The dress went together pretty smoothly, and then I got the fun part of figuring out how to make that trim happen. It’s hard to tell exactly what’s happening in that fashion plate, but it looked to me like multiple layers of scalloped, flower-esq trim. I experimented with some shapes on paper first. I think I used a very small ramekin for the larger size and a spool of thread of the smaller size. I smoothed everything out with a French curve and made sure my template was even. I made a small sample in some muslin scrap and while it’s not EXACTLY like the fashion plate, I was pretty happy with it!
Then I had to cut about a million inches of it. I think the ration is 2-1 ruffles to hem, but I basically just cut as much as I could out of the remaining fabric. I think I only had two yards to start with, which worked because it’s 62″ wide. I traced my template out and then cut each section into strips. I stacked up two layers of fabric together, folded the stack in half, and then I cut out the scallops themselves. Since it was going to be gathered it didn’t need to be perfect and stacking sped everything up massively!
Then I fray-checked all of it, which went a lot faster than you would think. I used a random piece of foam core under the trim to protect my table from the fray check!
The next step was gathering. Let me tell you, guys, I HATE gathering. It’s just…the worst. It’s so tedious! So, I cheated. I used a gathering foot. A gathering foot is not super precise (though you have some control over the size of the gathers based on needle tension and stitch length), but it’s perfect for something like this.
It took some fussing to get the gather lengths to fit around the hem, but I pinned it all on the form so I could make sure it was hanging correctly before I stitched. I stitched the ruffles on by hand and then I pulled out the machine gathers. No machine stitching on the outside!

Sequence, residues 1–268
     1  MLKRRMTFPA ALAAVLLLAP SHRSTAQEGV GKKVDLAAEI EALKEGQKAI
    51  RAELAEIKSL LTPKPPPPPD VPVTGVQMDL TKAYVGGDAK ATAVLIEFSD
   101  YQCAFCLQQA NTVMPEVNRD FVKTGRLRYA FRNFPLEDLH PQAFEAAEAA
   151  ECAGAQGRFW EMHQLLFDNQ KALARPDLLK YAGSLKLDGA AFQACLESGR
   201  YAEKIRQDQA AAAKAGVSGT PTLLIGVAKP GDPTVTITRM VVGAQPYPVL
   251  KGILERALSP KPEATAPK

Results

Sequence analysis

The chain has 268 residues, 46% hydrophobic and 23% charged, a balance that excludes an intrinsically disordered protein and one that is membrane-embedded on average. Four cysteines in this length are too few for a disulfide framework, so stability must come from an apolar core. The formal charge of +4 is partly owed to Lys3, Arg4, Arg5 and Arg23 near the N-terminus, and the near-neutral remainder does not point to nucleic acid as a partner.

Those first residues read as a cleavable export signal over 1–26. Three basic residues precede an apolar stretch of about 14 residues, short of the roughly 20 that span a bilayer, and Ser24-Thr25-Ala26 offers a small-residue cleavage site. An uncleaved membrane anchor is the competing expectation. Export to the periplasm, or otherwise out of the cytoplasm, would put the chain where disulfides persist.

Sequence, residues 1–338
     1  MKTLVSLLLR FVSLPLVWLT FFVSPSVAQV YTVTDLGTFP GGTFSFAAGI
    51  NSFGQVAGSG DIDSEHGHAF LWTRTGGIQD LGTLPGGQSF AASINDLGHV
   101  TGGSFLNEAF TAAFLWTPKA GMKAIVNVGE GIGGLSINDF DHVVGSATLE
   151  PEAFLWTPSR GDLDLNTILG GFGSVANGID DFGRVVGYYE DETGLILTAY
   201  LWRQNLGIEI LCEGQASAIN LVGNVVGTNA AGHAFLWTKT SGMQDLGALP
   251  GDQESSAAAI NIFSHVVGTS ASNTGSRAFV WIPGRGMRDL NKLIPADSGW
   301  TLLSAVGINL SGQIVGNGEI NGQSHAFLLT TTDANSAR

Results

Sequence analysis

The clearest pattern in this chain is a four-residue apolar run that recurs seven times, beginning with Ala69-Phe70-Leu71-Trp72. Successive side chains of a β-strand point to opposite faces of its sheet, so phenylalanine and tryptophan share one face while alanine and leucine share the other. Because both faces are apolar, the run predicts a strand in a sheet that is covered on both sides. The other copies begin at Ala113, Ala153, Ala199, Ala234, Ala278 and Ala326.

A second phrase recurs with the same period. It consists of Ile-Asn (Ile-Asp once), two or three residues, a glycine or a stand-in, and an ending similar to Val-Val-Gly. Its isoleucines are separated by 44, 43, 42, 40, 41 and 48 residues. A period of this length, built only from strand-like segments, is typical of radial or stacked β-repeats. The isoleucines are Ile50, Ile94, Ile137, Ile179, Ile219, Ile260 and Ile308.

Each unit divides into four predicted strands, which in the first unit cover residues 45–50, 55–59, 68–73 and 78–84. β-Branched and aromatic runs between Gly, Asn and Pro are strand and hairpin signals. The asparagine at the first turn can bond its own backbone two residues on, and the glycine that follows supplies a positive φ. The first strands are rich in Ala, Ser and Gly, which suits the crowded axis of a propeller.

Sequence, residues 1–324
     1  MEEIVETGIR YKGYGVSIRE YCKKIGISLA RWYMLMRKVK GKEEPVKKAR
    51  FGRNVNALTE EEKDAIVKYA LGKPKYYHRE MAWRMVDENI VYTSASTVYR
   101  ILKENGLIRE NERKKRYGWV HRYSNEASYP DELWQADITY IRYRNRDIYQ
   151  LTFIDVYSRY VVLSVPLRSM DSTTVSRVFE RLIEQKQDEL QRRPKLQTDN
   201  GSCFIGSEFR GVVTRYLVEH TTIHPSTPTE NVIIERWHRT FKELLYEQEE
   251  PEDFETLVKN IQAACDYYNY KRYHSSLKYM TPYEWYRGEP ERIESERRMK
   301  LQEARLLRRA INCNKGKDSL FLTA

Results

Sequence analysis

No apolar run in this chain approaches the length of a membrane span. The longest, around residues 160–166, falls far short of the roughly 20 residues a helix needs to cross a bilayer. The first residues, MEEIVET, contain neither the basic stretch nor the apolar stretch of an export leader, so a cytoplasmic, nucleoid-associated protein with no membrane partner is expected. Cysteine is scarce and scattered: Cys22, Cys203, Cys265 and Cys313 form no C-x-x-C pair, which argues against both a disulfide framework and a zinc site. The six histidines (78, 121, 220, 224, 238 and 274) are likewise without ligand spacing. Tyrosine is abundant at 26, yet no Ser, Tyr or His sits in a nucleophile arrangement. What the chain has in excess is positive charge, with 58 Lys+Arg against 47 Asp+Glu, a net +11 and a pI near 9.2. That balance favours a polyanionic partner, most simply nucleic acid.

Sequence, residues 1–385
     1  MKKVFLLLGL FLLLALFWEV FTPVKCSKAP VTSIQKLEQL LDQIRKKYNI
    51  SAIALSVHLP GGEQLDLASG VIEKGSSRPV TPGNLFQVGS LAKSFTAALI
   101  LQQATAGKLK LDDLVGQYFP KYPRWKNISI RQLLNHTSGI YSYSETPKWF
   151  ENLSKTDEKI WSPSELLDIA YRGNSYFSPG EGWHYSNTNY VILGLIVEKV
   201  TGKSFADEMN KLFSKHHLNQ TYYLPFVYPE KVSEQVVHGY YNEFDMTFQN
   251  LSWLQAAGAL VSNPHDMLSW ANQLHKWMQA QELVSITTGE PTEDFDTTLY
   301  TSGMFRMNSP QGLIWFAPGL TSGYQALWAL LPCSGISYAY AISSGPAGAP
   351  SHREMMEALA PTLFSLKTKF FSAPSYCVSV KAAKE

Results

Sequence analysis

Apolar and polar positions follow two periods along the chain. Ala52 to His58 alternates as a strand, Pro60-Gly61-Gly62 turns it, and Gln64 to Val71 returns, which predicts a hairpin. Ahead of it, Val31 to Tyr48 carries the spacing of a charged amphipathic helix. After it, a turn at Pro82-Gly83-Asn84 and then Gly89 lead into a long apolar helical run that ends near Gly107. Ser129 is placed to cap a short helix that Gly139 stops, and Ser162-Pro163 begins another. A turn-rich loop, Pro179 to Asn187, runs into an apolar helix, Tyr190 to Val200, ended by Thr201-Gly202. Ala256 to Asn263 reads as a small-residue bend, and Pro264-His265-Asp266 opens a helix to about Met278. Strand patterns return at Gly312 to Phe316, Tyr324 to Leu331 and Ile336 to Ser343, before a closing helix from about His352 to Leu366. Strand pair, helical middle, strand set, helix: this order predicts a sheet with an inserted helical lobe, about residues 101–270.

Don’t let anyone pin-shame you into only using dress makers pins! Quilt pins are fine which you need a big, easy to find pin that won’t hurt your fingers.
And with that, the dress was done! It turned out just like I imagined. And it’s SUPER cute. Maybe the cutest thing I’ve ever made. Not the most elegant or impressive, but the level of sheer cuteness is off the charts.
Seriously, I might be a little nauseous from how cute this is.
See?? SUPER CUTE.
But…I’m not sure super cute is very…me. It actually reminds me of a dress Lydia Bennett wears in the Colin Firth Pride and Prejudice. It’s a lovely dress, but I am definitely not 15 or Lydia Bennett. I mean, I firmly believe that anyone of any age should wear whatever the hell they feel like, but I’m not sure something this cute really suits me and how I see myself at this age. Maybe I should have gone for elegant rather than cute?
That said, I am still excited to wear it. It is adorable, and maybe I will want to be adorable for the day! With the right accessories and attitude, maybe it absolutely will feel like a “me” sort of dress! So on July 15 I will give the dress a whirl and find out if it’s really “me” or not! I will definitely take lots of pictures to share with you. Stay tuned!
Bonus kitten sitting in my future bonnet!